Friday, April 1, 2011
A is for Alacrity
Alacrity, a cheerful eagerness. Noun. As in, the dog ran with alacrity. As in, the man demonstrated great alacrity, even on his first day.
I gave my students--back when I had students--a list of vocabulary words each week. Students defined the word and used it in a sentence. (I started out calling them "SAT words" until an end-of-quarter evaluation pointed out that none of them were in high school anymore.) One student combined all sentences in one unified paragraph, beginning something like this: "My girlfriend opened the door with alacrity, but I quickly saw that the situation was anything but mundane..." I also received sentences that indicated the student had no idea what the word meant or how it should be used: "She felt ostensibly about hurting him"; "He will extricate in the morning." What??? But for the most part, sentences were correct and well-conceived; it wasn't a difficult exercise.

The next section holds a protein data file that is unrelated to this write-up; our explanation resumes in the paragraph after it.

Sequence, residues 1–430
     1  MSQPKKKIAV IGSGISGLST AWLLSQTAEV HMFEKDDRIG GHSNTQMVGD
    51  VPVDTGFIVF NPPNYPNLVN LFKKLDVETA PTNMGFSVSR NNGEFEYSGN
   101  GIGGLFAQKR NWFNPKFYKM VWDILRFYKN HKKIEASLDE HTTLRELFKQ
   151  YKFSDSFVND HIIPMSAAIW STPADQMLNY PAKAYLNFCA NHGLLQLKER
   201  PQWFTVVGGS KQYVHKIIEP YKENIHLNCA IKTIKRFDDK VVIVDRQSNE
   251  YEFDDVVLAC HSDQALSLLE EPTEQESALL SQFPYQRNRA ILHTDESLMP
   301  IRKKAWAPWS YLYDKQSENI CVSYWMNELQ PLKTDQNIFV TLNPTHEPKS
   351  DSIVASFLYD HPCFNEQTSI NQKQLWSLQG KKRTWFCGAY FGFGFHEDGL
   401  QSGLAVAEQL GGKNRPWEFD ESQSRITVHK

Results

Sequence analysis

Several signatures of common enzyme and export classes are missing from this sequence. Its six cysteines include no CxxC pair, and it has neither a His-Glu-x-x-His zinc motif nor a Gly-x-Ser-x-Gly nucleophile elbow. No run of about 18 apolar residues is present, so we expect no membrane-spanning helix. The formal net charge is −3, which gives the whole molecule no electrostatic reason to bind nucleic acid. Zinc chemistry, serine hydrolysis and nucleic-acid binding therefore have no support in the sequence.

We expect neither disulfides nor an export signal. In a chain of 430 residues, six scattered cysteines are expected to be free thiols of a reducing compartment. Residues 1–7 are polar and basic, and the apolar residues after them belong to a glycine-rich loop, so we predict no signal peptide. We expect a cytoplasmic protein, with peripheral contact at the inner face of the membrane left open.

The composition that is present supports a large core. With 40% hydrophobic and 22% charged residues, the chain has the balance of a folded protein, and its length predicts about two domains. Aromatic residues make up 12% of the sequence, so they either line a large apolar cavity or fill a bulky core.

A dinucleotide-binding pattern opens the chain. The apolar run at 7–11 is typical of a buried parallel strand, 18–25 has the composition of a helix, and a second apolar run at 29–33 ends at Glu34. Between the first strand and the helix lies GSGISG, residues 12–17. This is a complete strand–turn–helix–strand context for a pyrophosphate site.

There are things I miss about teaching: those rare moments when all the students are engaged or when a student asks a difficult question that I know how to answer; the knowledge that I am constantly accountable to thirty, fifty, or seventy students; being able to discuss literary works that I love (Faulkner's "A Rose for Emily," Hemingway's "Soldier's Home," Amy Bloom's "By and By") and hear new interpretations, new connections. And I miss many of the students. They could be hilarious, intelligent, and resourceful in ways that constantly surprised me.
Of course, there are many things I don't miss: for every eager student in the front, taking notes, raising hands, there were three in the back, their bags perched on the table blocking the view of a cell phone or a textbook from another, harder class. For every student who read the assigned story was another who didn't. And even though I knew better, I took much of that personally.
So it is with alacrity that I've tackled this new phase of my life. It is with alacrity that I approach this A to Z April Challenge. And it is with alacrity that I become a writer.